So I think freedom of speech doesn’t really come into play here because the point can be argued for both sides – it’s then down to the owners of the site to decide who they agree with, and they’re allowed to remove whatever content they want!

aimee // Posted 16 December 2009 at 9:18 am

Jess… I think the point is that these people don’t understand that they’re being offensive and are not willing to understand WHY they’re being offensive. Having some kind of authority taking some kind of action might force them to consider why what they’re saying isn’t okay.

Femina Erecta // Posted 16 December 2009 at 11:51 am

@Lara

Bent over a table is a euphanism for rape. Parting their legs for someone is a euphanism for unwanted sexual access under pressure-ie sexual assault, as is dropping pants on price. Rape isn’t always the violent nightmare seen in History X and other media films. This perpetuates the myth that there is such a thing as ‘rape-rape’ (see Whoopi Goldburg). Rape is when someone has sex with someone else without their permission, and that can happen in all kinds of circumstances.

Language is a funny thing, the original meanings for phrases become euphanisms or metaphors totally accepted into the modern culture without comment. The whole ‘third meaning of the word gay’ thing that happened a few years ago for example was incredibly offensive to many many people and yet I know several people who still use it-although the 16 and 17 year olds I work with don’t so much, which is a good thing. Or the word ‘faggot’, which comes from when, instead of wood, homosexual men were trussed up and used as faggots on the fires that burned witches accross Europe in the 15-18th Cs. Or the word ‘handicapped’, from when people with disabilities would stand, cap in hand, begging, through lack of a decent welfare state. No one would dream of using these words in my work place, mostly because a long equal oppertunities course would be following:-)

Hopefully in the future people will think about what they say, and what it actually means, and change their vocabulary accordingly.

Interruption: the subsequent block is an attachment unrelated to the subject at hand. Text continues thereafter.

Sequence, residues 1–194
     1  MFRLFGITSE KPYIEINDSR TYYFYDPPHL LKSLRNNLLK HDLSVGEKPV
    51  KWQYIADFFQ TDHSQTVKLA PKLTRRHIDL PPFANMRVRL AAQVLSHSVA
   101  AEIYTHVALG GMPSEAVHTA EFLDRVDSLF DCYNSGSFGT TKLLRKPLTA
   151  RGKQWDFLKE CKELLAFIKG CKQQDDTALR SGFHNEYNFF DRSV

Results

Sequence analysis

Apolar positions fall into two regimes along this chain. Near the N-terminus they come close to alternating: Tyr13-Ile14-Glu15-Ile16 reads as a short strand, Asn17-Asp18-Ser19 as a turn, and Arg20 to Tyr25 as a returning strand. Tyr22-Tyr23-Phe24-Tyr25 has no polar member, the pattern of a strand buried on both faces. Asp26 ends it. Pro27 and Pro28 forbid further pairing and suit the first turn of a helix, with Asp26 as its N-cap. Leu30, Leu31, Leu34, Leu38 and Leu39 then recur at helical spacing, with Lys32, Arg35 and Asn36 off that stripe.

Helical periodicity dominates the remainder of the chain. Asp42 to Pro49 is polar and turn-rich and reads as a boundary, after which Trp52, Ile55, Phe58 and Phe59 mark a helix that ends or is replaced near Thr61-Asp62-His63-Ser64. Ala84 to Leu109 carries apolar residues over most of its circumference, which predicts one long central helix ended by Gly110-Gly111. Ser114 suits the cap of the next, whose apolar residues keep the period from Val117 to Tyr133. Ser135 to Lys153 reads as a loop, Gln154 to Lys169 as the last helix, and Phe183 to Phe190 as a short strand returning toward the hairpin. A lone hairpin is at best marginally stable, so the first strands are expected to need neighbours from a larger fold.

FeminaErecta // Posted 16 December 2009 at 3:18 pm

for confirmation ‘stand cap in hand’ wasn’t supposed to say that! Obviously not all were standing, and I am being very ablist in saying so-apologies, this is why we re-read our comments BEFORE submitting!

George // Posted 16 December 2009 at 4:52 pm

Femina Erecta – unfortunately, your etymology of the word “faggot” is completely unsubstantiated. This isn’t the right place for an argument about how offensive terms change their meaning and effect. Suffice to say that it is often far more complex than people ‘forgetting’ other meanings over time.

However, this does not alter your first point, with which I wholly agree. Focussing on Hollywood representations of rape does us no favours at all. I would also suggest that, contra Lara, any man who cannot distinguish between rape and sex might think about the word “No” – or, even better, read some stuff about positive consent.

As for freedom of speech, we have to get past this straw notion that everyone has the right to say exactly what they want. Because they don’t. For example, it is illegal to incite hatred on grounds of race or sexual orientation in the UK, and for good reason.

However, as Jess pointed out, there is also a deeper need, which urges us to engage with these people and explain exactly why they are out of order.

NB – I have given up with this as a societal project, and am now focussing my efforts on shouting at my friends in an affectionately drunken manner when such an incidence occurs (which is the form that most of feminist activism seems to be taking nowadays).

Pandora // Posted 11 January 2010 at 10:04 pm

This may be a month late, but in reading this I had to comment. I find the use of the word rape by my peers nothing short of appalling and whenever I express any sort concern to the effect I am met with critism. In fact mentioning it only seems to make it worse and they now tend to use it in front of me as much as possible. Even friends that identify as gay and you’d think would be more undersatnding. It is an unhappy conicidence that I had only just finished reading your post when I was invited to join a Facebook group as you had described. Except this one appears to be some kind of game promoting ‘Facebook Rape’…its description being:

“Have YOU or SOMEONE you KNOW been a Victim of Facebook RAPE???????

If you know someone who will love this page please invite for all to enjoy. Share the Frape! ♥ ”

I am looking for a way of reporting/doing something about it, but Faceook appear to have made it even harder to report anything in the last few weeks.